RR: How has the perception of Russia by the politicians in the USA changed since 1991? What about popular opinion? Why has it changed?
MS: Change has been cyclical. In 1991, Russia was a major concern. First, it was a former enemy that the US was weary of. Second, there was the issue of nuclear weapons that quickly needed to be addressed. However, Russia rapidly moved off the radar. In 2008, US policy makers were taken by surprise by Russia’s actions in Georgia, which brought back the idea that Russia is trying to assert itself. A concern of policy makers was that Russia was trying to recreate a Soviet Union. This was an easy slogan to adopt for politicians.
RR: Do you think cooperation between the USA and Russia is desirable? Is it viable?
MS: Cooperation is both viable and desirable.
It is desirable for example in the field of security. Following 9/11, there was cooperation between US and Russian secret services against terrorist networks. This is a wonderful resource. Russia is better suited to deal with some states than the US, as a heritage of Cold War.
RR: Do you see any impediments to cooperation? Which ones?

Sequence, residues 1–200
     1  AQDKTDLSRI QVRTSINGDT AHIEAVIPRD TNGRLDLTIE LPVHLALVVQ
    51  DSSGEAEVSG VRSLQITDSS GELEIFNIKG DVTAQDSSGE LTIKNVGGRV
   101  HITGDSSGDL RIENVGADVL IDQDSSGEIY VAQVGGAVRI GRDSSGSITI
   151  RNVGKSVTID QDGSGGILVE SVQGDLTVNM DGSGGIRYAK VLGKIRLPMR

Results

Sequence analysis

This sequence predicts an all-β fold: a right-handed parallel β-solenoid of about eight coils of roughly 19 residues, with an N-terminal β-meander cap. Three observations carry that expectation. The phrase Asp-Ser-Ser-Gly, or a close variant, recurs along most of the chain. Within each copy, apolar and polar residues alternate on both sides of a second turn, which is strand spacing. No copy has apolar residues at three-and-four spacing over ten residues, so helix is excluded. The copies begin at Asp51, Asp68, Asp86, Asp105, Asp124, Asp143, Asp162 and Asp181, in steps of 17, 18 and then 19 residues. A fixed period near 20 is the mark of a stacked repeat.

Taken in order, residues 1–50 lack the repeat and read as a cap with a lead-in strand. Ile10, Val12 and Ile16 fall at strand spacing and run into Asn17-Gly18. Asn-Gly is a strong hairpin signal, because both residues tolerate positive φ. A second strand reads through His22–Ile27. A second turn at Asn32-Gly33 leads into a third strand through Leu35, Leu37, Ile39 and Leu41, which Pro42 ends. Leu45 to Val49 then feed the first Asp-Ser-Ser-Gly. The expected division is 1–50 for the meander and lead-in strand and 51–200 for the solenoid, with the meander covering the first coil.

MS: Amongst the groups that are trying to prevent cooperation we can find states that would not want more cooperation, in particular the Eastern European states that have a trust issue with Russia. Likewise, the business interests of the military-industrial complex may try to discourage cooperation. There is a general distrust of Russian actions inherited from the Cold War.
RR: What form could cooperation take? What would it be based on?
MS: More cooperation between intelligence services can be developed in the context of the Syrian conflict against terrorism. Cooperation can also be developed further in space exploration, as well as in a limited manner in Arctic exploration. Future crises can also be opportunities for limited cooperation.
One field where we are unlikely to see close cooperation in the near future is trade. The mechanism is not there yet to develop trade between Russia and the US. Russia is looking towards China to diversify its export destinations. An increase of trade cooperation between Russia and Europe, is, on the other hand, likely, based on the already existing trade network.
Interview by Nora Kalinskij
Photo by StrelaStudio